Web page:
- Conversation Lozenges began life when a Boston pharmacist named Oliver Chase altered the way medical lozenges were made by creating a new machine to make them with.
- Chase inadvertently made America's first candy-making machine, and formed the New England Confectionery Company, or Necco, instead of continuing in pharmaceuticals.
- In 1866, Oliver's brother, Daniel Chase, started printing cute messages on the Necco sweethearts. The company's heart-shaped candy are similar to the Love Hearts we have today in the UK.
- Nobody knows where the heart symbol associated with Valentine's Day comes from, as anatomically, it looks nothing like an actual person's heart.
- Some people believe it comes from the shape of the ivy leaf, a plant typically associated with fidelity.
- Other's believe it symbolises the more rounded parts of human anatomy, such as breasts and buttocks.
- Some think that when the first animal dissections found bird and reptile hearts to be closest to the heart shape, humans believed all hearts were that same shape and derived the typical Valentine's heart as a symbol of love based on this information.
- After chocolate, jewellery is the second most popular Valentine's gift.
- The tradition of giving jewellery really took off in the mid 1800’s with the industrial revolution - the invention of the metal press allowed mass production of jewellery which was previously only something for the rich and upper classes.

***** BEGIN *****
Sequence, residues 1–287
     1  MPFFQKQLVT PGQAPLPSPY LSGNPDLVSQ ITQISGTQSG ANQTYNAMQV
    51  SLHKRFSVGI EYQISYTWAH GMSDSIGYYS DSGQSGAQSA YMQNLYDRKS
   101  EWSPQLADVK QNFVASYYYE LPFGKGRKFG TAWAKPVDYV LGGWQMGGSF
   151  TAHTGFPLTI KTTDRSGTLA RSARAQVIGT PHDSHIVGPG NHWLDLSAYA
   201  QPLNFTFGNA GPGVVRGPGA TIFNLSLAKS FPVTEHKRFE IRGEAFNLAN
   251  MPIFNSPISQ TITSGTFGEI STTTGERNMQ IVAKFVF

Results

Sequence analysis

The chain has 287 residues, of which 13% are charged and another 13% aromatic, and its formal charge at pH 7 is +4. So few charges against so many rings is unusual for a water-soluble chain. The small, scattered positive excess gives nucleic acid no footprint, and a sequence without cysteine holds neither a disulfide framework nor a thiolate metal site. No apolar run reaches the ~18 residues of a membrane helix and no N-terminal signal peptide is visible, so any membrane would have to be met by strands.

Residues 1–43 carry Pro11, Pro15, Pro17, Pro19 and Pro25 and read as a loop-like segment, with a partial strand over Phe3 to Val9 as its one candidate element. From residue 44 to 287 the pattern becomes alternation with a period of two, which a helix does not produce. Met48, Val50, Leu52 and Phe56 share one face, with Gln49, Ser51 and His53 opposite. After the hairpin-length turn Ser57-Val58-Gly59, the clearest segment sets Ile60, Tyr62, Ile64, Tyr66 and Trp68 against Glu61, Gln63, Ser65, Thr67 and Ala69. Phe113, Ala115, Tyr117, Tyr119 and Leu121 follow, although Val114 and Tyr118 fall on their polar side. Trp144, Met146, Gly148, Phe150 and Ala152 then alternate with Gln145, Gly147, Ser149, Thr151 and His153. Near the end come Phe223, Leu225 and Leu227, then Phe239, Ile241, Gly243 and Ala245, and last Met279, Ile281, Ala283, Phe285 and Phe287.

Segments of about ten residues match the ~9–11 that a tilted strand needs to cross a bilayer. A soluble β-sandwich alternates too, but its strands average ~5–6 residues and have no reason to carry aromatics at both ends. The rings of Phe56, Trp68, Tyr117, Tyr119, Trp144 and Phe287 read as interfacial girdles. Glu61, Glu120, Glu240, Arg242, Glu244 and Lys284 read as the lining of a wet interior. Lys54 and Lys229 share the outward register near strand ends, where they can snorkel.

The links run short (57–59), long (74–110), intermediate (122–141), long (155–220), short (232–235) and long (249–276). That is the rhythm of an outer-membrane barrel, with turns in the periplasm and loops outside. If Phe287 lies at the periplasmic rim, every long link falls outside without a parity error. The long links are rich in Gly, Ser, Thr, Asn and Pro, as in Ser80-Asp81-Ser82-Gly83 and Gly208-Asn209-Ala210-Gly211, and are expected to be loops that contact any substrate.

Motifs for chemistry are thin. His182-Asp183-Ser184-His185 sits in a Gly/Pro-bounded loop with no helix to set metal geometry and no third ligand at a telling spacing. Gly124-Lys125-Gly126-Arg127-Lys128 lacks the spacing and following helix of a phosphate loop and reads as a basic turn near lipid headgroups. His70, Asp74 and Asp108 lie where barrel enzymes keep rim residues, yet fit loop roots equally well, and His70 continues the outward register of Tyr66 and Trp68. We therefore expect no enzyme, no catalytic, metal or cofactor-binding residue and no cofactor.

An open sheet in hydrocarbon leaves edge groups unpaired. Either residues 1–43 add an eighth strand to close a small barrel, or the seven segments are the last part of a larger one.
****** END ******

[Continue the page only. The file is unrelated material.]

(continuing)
- By the 1920’s realistic imitation jewels were produced, with high profile designers making costume jewellery acceptable. Giving such jewellery as a present was at this time made easier for many who could previously not afford it.
- Valentine's Day is the second busiest day for restaurants in the UK, the busiest being Mother's Day.
- For those cooking at home, steak recipes are the most-searched.
- Traditional Valentine's foods include herbs, honey and strawberries.
- Basil, lavender and rosemary were the three most popular Valentine's herbs. Basil is a traditional symbol of fertility, lavender is relaxing and thought to be an aphrodisiac. Rosemary has a long association with love, often forming part of wedding bouquets bouquets during the Middle Ages.
- Honey was traditionally popular because bees symbolised love with the sweetness of their honey, and the bitterness of their sting.
- The red colour of strawberries drew parallels with hearts, and they're also the symbol of Venus, the Roman goddess of love.
- Many choose to include pets in their Valentine's celebrations, with UK residents collectively spending upwards of £27 million on pets each year.